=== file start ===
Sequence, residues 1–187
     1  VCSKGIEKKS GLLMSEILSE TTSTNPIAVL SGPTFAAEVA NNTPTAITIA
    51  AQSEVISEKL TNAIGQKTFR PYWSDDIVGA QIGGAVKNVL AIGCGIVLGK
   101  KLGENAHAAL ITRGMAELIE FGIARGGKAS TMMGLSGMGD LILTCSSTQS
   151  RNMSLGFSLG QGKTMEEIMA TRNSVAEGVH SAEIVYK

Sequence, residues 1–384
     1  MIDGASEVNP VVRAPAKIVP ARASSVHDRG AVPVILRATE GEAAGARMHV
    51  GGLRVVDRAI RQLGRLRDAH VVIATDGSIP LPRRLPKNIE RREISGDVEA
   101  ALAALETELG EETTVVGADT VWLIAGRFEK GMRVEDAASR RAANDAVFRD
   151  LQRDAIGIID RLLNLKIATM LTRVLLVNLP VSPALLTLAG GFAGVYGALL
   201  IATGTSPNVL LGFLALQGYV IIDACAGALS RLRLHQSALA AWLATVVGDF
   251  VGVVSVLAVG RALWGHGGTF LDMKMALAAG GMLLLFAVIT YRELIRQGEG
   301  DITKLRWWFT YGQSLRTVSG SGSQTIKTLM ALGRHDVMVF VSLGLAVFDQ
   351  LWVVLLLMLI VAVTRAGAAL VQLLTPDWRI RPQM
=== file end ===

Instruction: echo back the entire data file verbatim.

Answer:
Sequence, residues 1–187
     1  VCSKGIEKKS GLLMSEILSE TTSTNPIAVL SGPTFAAEVA NNTPTAITIA
    51  AQSEVISEKL TNAIGQKTFR PYWSDDIVGA QIGGAVKNVL AIGCGIVLGK
   101  KLGENAHAAL ITRGMAELIE FGIARGGKAS TMMGLSGMGD LILTCSSTQS
   151  RNMSLGFSLG QGKTMEEIMA TRNSVAEGVH SAEIVYK

Sequence, residues 1–384
     1  MIDGASEVNP VVRAPAKIVP ARASSVHDRG AVPVILRATE GEAAGARMHV
    51  GGLRVVDRAI RQLGRLRDAH VVIATDGSIP LPRRLPKNIE RREISGDVEA
   101  ALAALETELG EETTVVGADT VWLIAGRFEK GMRVEDAASR RAANDAVFRD
   151  LQRDAIGIID RLLNLKIATM LTRVLLVNLP VSPALLTLAG GFAGVYGALL
   201  IATGTSPNVL LGFLALQGYV IIDACAGALS RLRLHQSALA AWLATVVGDF
   251  VGVVSVLAVG RALWGHGGTF LDMKMALAAG GMLLLFAVIT YRELIRQGEG
   301  DITKLRWWFT YGQSLRTVSG SGSQTIKTLM ALGRHDVMVF VSLGLAVFDQ
   351  LWVVLLLMLI VAVTRAGAAL VQLLTPDWRI RPQM